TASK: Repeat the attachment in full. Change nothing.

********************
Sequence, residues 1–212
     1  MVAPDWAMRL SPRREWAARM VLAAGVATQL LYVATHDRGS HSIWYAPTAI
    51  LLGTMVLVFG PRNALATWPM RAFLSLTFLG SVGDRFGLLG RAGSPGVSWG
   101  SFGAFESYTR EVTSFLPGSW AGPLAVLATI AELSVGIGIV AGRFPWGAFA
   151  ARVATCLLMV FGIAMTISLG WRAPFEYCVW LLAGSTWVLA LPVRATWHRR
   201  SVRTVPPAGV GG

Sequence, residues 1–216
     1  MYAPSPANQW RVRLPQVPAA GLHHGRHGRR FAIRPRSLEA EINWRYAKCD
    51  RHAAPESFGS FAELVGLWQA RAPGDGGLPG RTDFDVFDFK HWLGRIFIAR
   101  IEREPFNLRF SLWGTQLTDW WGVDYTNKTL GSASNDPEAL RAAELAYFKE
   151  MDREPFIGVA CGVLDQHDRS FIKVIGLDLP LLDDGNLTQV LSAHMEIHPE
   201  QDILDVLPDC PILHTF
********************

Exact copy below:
Sequence, residues 1–212
     1  MVAPDWAMRL SPRREWAARM VLAAGVATQL LYVATHDRGS HSIWYAPTAI
    51  LLGTMVLVFG PRNALATWPM RAFLSLTFLG SVGDRFGLLG RAGSPGVSWG
   101  SFGAFESYTR EVTSFLPGSW AGPLAVLATI AELSVGIGIV AGRFPWGAFA
   151  ARVATCLLMV FGIAMTISLG WRAPFEYCVW LLAGSTWVLA LPVRATWHRR
   201  SVRTVPPAGV GG

Sequence, residues 1–216
     1  MYAPSPANQW RVRLPQVPAA GLHHGRHGRR FAIRPRSLEA EINWRYAKCD
    51  RHAAPESFGS FAELVGLWQA RAPGDGGLPG RTDFDVFDFK HWLGRIFIAR
   101  IEREPFNLRF SLWGTQLTDW WGVDYTNKTL GSASNDPEAL RAAELAYFKE
   151  MDREPFIGVA CGVLDQHDRS FIKVIGLDLP LLDDGNLTQV LSAHMEIHPE
   201  QDILDVLPDC PILHTF